If I would have had visuals, I’d have shown them how I, for example, see a STOP sign. I can’t see the entire STOP sign no matter how I try—the letters look piecey (sometimes I see Spot instead of Stop), parts of the letters are missing or blurred, the sign is surrounded by white space with these disjointed letters. No matter how hard I try to picture the STOP sign, my black hole brain will not provide it in its entirety. This is how it is with me with anything I try to imagine: white space surrounding pieces. To fight it only brings frustration. But, when I sit down to write, everything calms. Everything is as it should be. There is no frustration. The Black Hole provides. I feel at peace with my chaotic weird brain. We work together, brain and I, instead of against each other.

As I looked out at the audience, I saw one young man staring at me with his mouth in an O of dumbfoundedness, as if to say “What the hell is she talking about? Black holes in her brain. Huhn?” Oh that look he had made me want to laugh. But I also saw nodding heads, interest, smiles.

I then opened my book to a random page and read a couple of paragraphs, hoping for the best, but giving it my all.

When I was done, and after we all were mingling round later in the auditorium, I was surprised at how many people came to me to say they enjoyed my talk; how interesting it was; how they were now inspired to go write or create something. Huhn. Well, who knew? More people were interested in talking about my little talk than asking about my book *laughing* Someone suggested I go round doing these talks—me? And my black hole brain? Talking to groups/audiences? Well, I’ll be.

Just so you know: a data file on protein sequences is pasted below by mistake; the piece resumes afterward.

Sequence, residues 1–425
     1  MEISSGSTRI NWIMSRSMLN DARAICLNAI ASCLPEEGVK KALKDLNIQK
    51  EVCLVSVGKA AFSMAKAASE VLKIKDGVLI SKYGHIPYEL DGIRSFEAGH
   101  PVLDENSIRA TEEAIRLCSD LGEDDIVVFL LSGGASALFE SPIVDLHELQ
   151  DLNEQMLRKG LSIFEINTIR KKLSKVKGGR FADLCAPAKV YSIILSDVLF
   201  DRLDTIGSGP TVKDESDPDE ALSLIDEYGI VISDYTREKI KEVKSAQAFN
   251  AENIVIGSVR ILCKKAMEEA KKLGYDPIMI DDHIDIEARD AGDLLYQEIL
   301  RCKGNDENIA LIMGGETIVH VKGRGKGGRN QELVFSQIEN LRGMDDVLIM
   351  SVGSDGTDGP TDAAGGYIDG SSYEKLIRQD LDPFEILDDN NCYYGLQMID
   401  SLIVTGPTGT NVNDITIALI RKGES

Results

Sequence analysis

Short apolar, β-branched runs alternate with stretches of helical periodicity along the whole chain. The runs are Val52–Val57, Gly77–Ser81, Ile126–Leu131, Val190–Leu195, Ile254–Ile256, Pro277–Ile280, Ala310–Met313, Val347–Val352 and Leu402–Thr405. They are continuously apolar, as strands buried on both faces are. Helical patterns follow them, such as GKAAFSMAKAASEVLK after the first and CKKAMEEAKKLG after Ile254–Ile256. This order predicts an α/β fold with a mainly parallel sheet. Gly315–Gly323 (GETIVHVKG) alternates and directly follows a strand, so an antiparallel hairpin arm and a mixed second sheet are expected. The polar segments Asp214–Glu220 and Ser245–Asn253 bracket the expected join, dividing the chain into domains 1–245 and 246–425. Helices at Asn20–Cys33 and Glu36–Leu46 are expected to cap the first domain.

So, what I learned is: this is how I am no matter if I try to fight it. I have a weird brain. I’m spontaneous and chaotic. I am finally learning to accept this Black Hole brain. I’m learning to accept who I am, weirdness and discombobulations and chaos and all.

Looking out at that audience at Jacksonville State University, I saw all those expectant faces waiting for me to say something magical, and all I could really give them is Myself as I am and hope for the best. And in return, they listened and took what they needed from it and used it to fit in the spaces that needed filling. My black hole brain will continue to suck up things until the day it is full to bursting, then a quasar will burst forth and that will be the end, a spectacular end or a new beginning to a strange and lovely brain.

image black hole/quasar image
stop
woman letters face

10 comments:

Diane said...

Your talk was most probably the most memorable and left an impression with the audience. Be who you are!!! :O)

Titus said...